Melons, Squash, Cash: A Million-Dollar Donor Sprouts

Amy Goldman, known for her gardens and her illustrated coffee-table books about plants, has donated $1 million to a pro-Obama superPAC. i i

Amy Goldman, known for her gardens and her illustrated coffee-table books about plants, has donated $1 million to a pro-Obama superPAC. Sandi Fellman hide caption

itoggle caption Sandi Fellman
Amy Goldman, known for her gardens and her illustrated coffee-table books about plants, has donated $1 million to a pro-Obama superPAC.

Amy Goldman, known for her gardens and her illustrated coffee-table books about plants, has donated $1 million to a pro-Obama superPAC.

Sandi Fellman

Amy Goldman is best known as the author of lavish books about heirloom tomatoes, squash and melons. Now Goldman is trying to cultivate a second term for President Obama.

Goldman wrote a check for $1 million to a pro-Obama superPAC — and gave another million to the political arm of Planned Parenthood.

On a recent summer morning, Goldman was out in the garden early, pollinating heirloom melon plants by hand. Goldman grows hundreds of rare and exotic varieties of melons, tomatoes, squash, beans, peppers and more on her farm in Rhinebeck, N.Y. — about a two-hour drive north of Manhattan.

"I am a seed saver and collector," she says. "And I'm trying to preserve oldies but goodies."

Goldman also documents her heirloom crops in illustrated coffee-table books that take years to research and write.

From the garden, it's a half-mile uphill to the main house. Goldman drives a motorized cart past acres of woods and gently sloping pasture for cows, chickens and geese, up to an 18th-century farmhouse that she has restored and expanded.

If Goldman has an eye for real estate, she might have inherited it from her father. Sol Goldman and his partner built a New York City real estate empire that was estimated to be worth a billion dollars when he died in the 1980s.

Amy Goldman never had much interest in the family business — or, until recently, in politics.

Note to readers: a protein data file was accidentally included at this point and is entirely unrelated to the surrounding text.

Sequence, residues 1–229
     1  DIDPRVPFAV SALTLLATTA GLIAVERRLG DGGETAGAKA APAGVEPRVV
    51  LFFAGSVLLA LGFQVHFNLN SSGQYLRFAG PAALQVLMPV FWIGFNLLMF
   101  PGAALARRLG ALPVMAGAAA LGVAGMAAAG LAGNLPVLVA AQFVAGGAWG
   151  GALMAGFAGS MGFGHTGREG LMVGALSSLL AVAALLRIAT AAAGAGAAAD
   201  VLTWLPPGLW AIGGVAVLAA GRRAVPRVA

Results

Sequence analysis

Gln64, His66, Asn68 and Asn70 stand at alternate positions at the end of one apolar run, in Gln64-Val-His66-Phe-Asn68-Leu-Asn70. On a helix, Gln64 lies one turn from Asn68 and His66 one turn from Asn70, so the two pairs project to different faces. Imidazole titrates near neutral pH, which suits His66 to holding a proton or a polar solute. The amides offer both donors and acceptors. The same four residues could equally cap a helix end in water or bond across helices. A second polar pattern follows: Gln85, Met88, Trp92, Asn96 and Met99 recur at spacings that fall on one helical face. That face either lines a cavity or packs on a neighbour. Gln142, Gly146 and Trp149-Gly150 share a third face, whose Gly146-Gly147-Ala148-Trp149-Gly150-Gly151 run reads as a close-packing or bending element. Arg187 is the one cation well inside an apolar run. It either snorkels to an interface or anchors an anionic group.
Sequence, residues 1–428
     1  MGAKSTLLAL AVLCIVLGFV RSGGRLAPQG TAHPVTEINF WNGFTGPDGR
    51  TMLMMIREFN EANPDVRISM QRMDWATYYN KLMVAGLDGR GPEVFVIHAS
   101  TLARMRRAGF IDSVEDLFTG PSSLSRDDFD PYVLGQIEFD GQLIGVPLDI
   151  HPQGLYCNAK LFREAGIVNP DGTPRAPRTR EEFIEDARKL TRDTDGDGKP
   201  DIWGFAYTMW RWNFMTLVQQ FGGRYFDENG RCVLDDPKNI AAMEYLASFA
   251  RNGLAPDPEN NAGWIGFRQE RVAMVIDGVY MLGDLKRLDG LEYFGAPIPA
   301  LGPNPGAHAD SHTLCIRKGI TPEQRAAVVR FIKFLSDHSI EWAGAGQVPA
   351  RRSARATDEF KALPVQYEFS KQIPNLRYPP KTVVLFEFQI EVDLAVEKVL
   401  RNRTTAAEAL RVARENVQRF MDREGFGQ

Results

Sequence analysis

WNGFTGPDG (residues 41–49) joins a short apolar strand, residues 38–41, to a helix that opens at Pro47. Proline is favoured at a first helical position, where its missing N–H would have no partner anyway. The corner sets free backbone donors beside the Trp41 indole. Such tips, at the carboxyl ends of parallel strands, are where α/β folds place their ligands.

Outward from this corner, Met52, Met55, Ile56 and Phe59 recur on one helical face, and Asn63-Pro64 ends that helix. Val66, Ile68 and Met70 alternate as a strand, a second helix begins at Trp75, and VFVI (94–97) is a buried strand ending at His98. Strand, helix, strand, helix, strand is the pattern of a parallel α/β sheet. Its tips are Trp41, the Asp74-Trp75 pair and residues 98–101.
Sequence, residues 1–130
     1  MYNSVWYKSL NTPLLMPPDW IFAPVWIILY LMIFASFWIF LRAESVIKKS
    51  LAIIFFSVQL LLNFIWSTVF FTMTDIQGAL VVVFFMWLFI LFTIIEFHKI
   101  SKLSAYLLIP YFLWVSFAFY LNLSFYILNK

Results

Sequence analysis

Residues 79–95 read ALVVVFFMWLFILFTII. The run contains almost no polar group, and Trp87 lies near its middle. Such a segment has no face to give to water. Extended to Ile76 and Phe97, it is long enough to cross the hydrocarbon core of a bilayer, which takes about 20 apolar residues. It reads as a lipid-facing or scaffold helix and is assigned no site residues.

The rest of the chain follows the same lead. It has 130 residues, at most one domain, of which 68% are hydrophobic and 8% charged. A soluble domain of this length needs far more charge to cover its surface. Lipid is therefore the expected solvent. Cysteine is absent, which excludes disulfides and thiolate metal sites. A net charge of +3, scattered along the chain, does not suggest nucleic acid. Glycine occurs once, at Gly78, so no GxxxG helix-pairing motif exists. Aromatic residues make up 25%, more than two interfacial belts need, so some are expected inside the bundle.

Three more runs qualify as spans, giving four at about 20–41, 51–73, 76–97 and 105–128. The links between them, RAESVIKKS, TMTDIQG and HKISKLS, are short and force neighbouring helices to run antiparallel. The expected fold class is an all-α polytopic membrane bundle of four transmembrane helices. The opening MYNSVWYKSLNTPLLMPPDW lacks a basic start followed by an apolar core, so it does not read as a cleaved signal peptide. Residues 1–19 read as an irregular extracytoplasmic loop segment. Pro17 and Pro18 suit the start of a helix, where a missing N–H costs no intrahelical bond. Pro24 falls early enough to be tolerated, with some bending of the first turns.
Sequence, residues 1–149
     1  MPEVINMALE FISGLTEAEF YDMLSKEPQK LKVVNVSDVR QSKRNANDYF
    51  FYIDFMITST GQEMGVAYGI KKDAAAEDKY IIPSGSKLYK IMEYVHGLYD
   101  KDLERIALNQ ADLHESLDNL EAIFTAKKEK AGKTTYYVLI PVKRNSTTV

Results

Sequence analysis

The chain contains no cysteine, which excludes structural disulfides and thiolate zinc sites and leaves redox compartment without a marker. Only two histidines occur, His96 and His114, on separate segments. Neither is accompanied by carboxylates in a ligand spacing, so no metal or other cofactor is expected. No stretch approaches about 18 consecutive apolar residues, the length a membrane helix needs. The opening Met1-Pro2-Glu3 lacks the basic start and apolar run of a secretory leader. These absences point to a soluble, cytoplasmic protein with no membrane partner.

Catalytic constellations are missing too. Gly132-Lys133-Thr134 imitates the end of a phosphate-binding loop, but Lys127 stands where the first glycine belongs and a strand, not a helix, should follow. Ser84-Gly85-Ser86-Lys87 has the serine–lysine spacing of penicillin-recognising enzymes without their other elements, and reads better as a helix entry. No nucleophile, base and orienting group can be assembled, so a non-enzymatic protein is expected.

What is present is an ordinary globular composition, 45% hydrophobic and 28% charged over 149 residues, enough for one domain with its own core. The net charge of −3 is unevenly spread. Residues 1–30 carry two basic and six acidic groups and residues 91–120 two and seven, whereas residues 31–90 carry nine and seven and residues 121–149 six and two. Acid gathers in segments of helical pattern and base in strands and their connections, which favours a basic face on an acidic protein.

"I couldn't stand by and do nothing," she says. "I just felt like it was time for me to step up to the plate, to try to educate voters about, you know, the real issues."

'A Turning Point'

The pre-eminent issue for Goldman is women's reproductive rights. She says her mother, Lillian, was a patient of Margaret Sanger, the founder of Planned Parenthood. Goldman has given money to the organization before, but really stepped up her giving in this election cycle.

"I feel like we're at a pivotal point in American history — a turning point, really, from a women's health and rights perspective," she says. "I'm really, really concerned about the direction this country could take were Mitt Romney to be elected."

Goldman gave $1 million to Priorities USA Action, the superPAC that's trying to re-elect Obama. She has also given a million to the superPAC Planned Parenthood Votes, which helped to air a TV ad in crucial swing-state markets in Iowa, Florida and Virginia.

"When Mitt Romney says, 'Planned Parenthood, we're going to get rid of that,' Romney is saying he'll deny women the birth control and cancer screenings they depend on," the ad says.

Dawn Laguens, the vice president of the Planned Parenthood Action Fund, which is responsible for the ad, says Goldman is the kind of donor who wants results, not attention.

"She is not self-aggrandizing," Laguens says. "She'll probably be embarrassed that people are being asked to talk about her because she does not seek that kind of limelight."

Too Much Money In Politics?

Indeed, Goldman tries to downplay the size of her gifts. They are, she says, small change compared to what some big Republican donors will likely spend in an effort to elect Romney.

But some wealthy Democrats have been slow to write seven-figure checks to help Obama. Jonathan Soros, the son of billionaire financier George Soros, says he's using his money to try to push for campaign finance reform instead.

"Right now you have a system where both parties are sort of equally beholden to large contributions and independent expenditures," he says. "And until candidates and politicians realize that there's actually a political cost to maintaining the status quo, we're not going to be able to change anything."

A few weeks ago, Soros announced he was giving money instead to a new superPAC that plans to spend money in congressional races — with the hope of counteracting the influence of other superPACs.

Many critics on the left have faulted the Supreme Court decision in the Citizens United case that opened the door for big money donors.

Goldman also thinks Citizens United should be overturned, but she's a realist: "We haven't been able to turn back Citizens United. We have to cope with the new reality. At least to my mind, the two superPACs I've donated to can be an enormous force for good. I see it as a public education campaign."

And if her contributions happen to drive women away from Romney and toward Obama, Goldman won't mind that, either.

Correction Aug. 14, 2012

The audio of this story, as did a previous Web version, mischaracterizes the position of Jonathan Soros, who says he is not actively working to overturn the Citizens United ruling and does not advocate abstaining from political donations to reduce the influence of money in politics.

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